I received an e-mail this week with the following paragraph.
My wife and I are not convinced that I am walking in the office of husband. I know it is the will of God. I am definitely willing and wanting to walk in the office. How do I embrace the office of husband so that I can truly walk in that office? It feels like I am a lot closer than I have ever been before.
It is my opinion that there are a lot of people who are not spiritually in the office that they technically occupy. You can get a paycheck for being a teacher or a mayor or a doctor without being in the office that parallels that paycheck.
The same is true for “Fred” and his being married to the same woman for decades, being committed to that marriage, but not being “in” the office of husband.
I think we find some clues in the story of King Saul. Samuel informed him that God had chosen him to be king. There were several supernatural confirmations. Now note 1 Samuel 10:7. “Once these signs are fulfilled, do whatever your hand finds to do, for God is with you.”
The signs were fulfilled and Saul went back to farming instead of stepping into the office.
God tried a second time to put him in the office of king using the public coronation, but he was Teflon coated and it didn’t stick.
But when the incident with Jabesh Gilead went down, he suddenly found something to do with his hands, and God indeed was with him!
What happened there?
I believe that the issues are perception and permission. Do YOU perceive yourself as worthy of the office, and have YOU given yourself permission to step into the office, in spite of the fact that others do not perceive you as worthy or do not give you permission?
Saul clearly had God’s permission to take the office. But he does not seem to have given himself permission, based on his hiding with the baggage on coronation day. It can be challenging for a Servant redemptive gift to give themselves permission to step into an office of leadership.
And it is quite clear that some of the subjects of the king did not want him to be king over them, and he probably heard about that.
So between the internal lack of permission and the external lack of permission, he choked and had the crown but was not personally “in” the office of king.
When Nahash the Ammonite attempted to shame all Israel by gouging out the right eye of everyone in Jabesh Gilead, Saul had permission, he put himself in the office and acted. People followed him. God validated him.
What happened? Well, I am reading his mind from a few thousand years’ distance, but let me suggest the following, based on my knowledge of more than a few Servants. It can be hard for a Servant to accept that they deserve the perks of any office, so they commonly do not step into an office. By contrast, Servants are the first to believe someone else deserves all sort of things.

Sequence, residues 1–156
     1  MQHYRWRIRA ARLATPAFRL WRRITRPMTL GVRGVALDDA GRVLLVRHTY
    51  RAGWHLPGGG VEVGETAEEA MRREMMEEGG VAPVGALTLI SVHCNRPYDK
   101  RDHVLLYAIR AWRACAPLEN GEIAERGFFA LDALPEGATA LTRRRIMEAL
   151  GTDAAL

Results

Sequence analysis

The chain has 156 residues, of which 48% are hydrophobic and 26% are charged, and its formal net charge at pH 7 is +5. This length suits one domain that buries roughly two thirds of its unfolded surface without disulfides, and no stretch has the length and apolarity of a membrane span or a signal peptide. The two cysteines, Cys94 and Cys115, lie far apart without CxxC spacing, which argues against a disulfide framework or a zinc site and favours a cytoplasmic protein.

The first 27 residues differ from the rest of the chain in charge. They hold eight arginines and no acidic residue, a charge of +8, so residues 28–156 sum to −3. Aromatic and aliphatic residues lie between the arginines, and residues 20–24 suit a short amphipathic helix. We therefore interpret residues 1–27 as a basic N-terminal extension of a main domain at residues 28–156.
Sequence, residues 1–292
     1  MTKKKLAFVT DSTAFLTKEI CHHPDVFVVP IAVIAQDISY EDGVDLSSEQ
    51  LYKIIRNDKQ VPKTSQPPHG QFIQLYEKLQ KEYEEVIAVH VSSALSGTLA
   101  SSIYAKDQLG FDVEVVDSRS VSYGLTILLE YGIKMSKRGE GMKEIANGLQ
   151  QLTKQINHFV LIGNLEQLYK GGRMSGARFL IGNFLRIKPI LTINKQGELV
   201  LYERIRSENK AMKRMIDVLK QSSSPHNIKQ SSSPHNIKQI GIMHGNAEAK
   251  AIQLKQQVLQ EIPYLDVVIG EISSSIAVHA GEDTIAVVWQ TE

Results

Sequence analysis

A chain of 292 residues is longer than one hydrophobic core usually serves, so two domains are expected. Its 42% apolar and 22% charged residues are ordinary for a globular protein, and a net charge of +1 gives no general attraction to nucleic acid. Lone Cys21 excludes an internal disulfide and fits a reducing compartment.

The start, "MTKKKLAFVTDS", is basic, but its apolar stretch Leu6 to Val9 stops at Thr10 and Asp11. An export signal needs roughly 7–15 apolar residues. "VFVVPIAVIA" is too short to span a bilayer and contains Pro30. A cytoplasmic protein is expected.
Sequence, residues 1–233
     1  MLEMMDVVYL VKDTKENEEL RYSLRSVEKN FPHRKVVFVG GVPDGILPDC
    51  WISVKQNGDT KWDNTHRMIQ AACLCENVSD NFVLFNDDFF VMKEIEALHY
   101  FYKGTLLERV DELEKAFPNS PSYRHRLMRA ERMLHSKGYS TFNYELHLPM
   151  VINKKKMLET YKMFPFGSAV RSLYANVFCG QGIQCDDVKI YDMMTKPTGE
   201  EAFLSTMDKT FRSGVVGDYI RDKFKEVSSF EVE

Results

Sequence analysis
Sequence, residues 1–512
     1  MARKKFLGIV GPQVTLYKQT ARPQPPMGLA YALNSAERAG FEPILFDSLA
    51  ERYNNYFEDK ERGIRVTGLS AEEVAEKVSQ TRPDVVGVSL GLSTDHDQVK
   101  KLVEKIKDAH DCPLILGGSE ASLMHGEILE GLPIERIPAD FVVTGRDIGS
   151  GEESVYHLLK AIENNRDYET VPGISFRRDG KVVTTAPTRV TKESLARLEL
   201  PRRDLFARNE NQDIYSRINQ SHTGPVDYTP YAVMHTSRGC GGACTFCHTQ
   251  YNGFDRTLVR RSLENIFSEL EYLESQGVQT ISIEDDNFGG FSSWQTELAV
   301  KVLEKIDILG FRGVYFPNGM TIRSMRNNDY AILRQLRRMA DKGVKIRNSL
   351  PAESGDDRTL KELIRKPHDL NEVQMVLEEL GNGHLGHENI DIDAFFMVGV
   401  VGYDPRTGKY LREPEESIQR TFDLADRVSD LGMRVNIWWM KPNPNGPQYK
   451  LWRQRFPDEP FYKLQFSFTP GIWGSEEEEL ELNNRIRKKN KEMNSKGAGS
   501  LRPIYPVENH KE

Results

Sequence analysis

Hence, Saul could see the people of Jebesh Gilead deserving life and freedom, and he could consistently see that his son Jonathan deserved to be king after him, instead of that upstart, David.
There are so many permissions lacking for those who are in place, but not in the office. I know a Christian man who has been in business for a while, but was not in the office of businessmen because of what the church taught about “the love of money.”
I know an artist who could not step into the office because of all the snide comments made about “starving artists.”
Many a pastor has not given himself permission to actually step into the office of pastor because they compare themselves with others who they feel are so much more “qualified” than they are.
So, for Fred who is not in the office of husband, I suggest looking inside and outside to see where the lack of permission is.
-Did friends and relatives object to the marriage – especially her parents?
-Was your father in the office of husband? If you come from a family line where the husbands are generally not in the office, then there could be some generational delegitimization that has been passed down through the years.
-Do you feel you have not lived up to your own expectations for what a good husband should be? How valid are those expectations? There are 100 flavors of good marriages. Are you using the currency from some other marriage to measure value, instead of the currency you bring to the table?
-Has there been a big failure in your role as husband: alcoholism, bankruptcy, adultery, etc.?
-Have there been a multitude of small failures, like ten thousand evenings spent in front of the television or weekends spent on your hobby instead engaging with her and the kids?
-In the redemptive gift matchup between you and your wife, do you clash with cultural expectations? If your wife is a verbal expressive with quick decision-making skills while you are a ponderer, the culture will generally think less of you.
There is one other angle that is more vague, yet powerful. There is a story of a woman who was hell-bent on getting her husband saved. She brought everyone she could to the house to do spiritual mugging. On one occasion, the husband confided to the resident evangelist that he had been saved for five years but didn’t want his wife to know, because if she did know he was saved, she would immediately raise the bar in a dozen other areas of his life.